Tuesday, 12 February 2019

An independent review has concluded that it is reasonable for Jersey Electricity to impose standby charges on commercial customers which generate their own electricity – but it has raised wider issues regarding whether Jersey Electricity’s current tariff model remains fit for the future.

JEC renewablesThe report by Nera, which has been published today (Tuesday, 12 February 2019) was commissioned in response to the States’ approval of P.88/2017. The proposition was lodged by Deputy Carolyn Labey, who sought to determine the impact that charging would have on the competitiveness of the market for the generation and supply of electricity.

Businesses which generate their own electricity using renewable energy sources (such as solar panels) will have times when they aren’t able to
self-generate and have to draw on the island’s electricity grid. Nera concludes that the principle of a standby charge is reasonable since the
grid provides a back-up service for all islanders, including those who generate their own electricity. However Nera makes several recommendations that, if implemented, would more accurately reflect each consumer’s patterns of generation, export and self-consumption.

The Nera report concluded that Jersey Electricity’s proposed standby charge was relatively conservative, but that there were wider issues to
be considered with the company’s charging structure.

Deputy Labey said: “I am pleased that a review has been undertaken that leaves the door open to Jersey Electricity to choose whether or not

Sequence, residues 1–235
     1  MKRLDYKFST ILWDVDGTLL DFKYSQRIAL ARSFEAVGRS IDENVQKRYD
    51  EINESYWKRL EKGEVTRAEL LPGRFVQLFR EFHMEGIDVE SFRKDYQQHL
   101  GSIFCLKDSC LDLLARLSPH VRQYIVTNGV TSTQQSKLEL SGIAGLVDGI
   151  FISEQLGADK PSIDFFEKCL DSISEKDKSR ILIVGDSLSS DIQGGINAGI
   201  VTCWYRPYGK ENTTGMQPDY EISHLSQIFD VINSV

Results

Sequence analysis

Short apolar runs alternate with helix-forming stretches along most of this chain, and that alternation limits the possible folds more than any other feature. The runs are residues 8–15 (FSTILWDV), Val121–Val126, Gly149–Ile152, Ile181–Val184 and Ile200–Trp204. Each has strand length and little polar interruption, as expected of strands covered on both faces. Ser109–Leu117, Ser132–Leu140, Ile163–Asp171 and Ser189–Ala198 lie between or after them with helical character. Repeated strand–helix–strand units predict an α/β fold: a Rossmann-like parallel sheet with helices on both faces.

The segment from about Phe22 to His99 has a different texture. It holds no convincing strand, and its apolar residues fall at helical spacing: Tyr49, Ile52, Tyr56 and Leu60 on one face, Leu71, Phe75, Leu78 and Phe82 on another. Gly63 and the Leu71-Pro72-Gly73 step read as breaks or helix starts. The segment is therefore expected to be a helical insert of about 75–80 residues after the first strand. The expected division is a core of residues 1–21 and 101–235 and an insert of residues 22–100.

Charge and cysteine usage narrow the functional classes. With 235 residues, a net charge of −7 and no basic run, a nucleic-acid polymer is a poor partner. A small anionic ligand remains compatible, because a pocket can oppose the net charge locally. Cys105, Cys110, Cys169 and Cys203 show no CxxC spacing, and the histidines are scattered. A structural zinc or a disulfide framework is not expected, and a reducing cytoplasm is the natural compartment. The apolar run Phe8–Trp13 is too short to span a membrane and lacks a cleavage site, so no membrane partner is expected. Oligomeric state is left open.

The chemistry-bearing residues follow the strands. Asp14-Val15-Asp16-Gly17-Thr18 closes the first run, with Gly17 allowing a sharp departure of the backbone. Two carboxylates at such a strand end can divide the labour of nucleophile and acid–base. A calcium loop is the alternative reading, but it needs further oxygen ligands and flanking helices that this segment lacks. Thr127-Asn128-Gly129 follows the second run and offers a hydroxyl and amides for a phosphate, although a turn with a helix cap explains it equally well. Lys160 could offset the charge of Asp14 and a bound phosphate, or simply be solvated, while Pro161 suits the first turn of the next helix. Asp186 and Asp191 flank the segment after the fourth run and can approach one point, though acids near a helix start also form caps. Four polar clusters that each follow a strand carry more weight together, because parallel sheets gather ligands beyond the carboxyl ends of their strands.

the standby charge is introduced. Personally, I would like to see all businesses and islanders being encouraged to use renewable energy sources, and I fear that standby charges will make renewable less financially attractive and will act as a deterrent. It is up to government now to decide how we encourage renewable energy.

“The findings have raised issues for the Island to consider, including ensuring that Jersey Electricity’s tariff model and charging structure
remain fit for the future, and the next step – as agreed by the States – is for Government to define its position on renewable energy and for the
Electricity (Jersey) Law 1937 to be updated.

“The Nera report is a good step towards the Island creating an energy policy that is fit for the future, and I’m grateful to Jersey Electricity and
the many other stakeholders who participated. The next stage is for the Minister for the Environment, Deputy John Young, to consider how Jersey’s renewable energy industry is advanced.”

Deputy Young said: “This report provides a great deal of insight into what is a complex issue, and it enables us to understand our current position. We have to consider how the island will be powered in the future.

“In almost every area of our lives we are moving away from traditional centralised power sources to new sources of energy such as solar panels.
We have to ensure that we have a legislative framework that doesn’t inhibit these technological developments, but also protects investment on
a central grid that provides back up for intermittent energy resources. I look forward to working with all stakeholders to determine how we
achieve that.”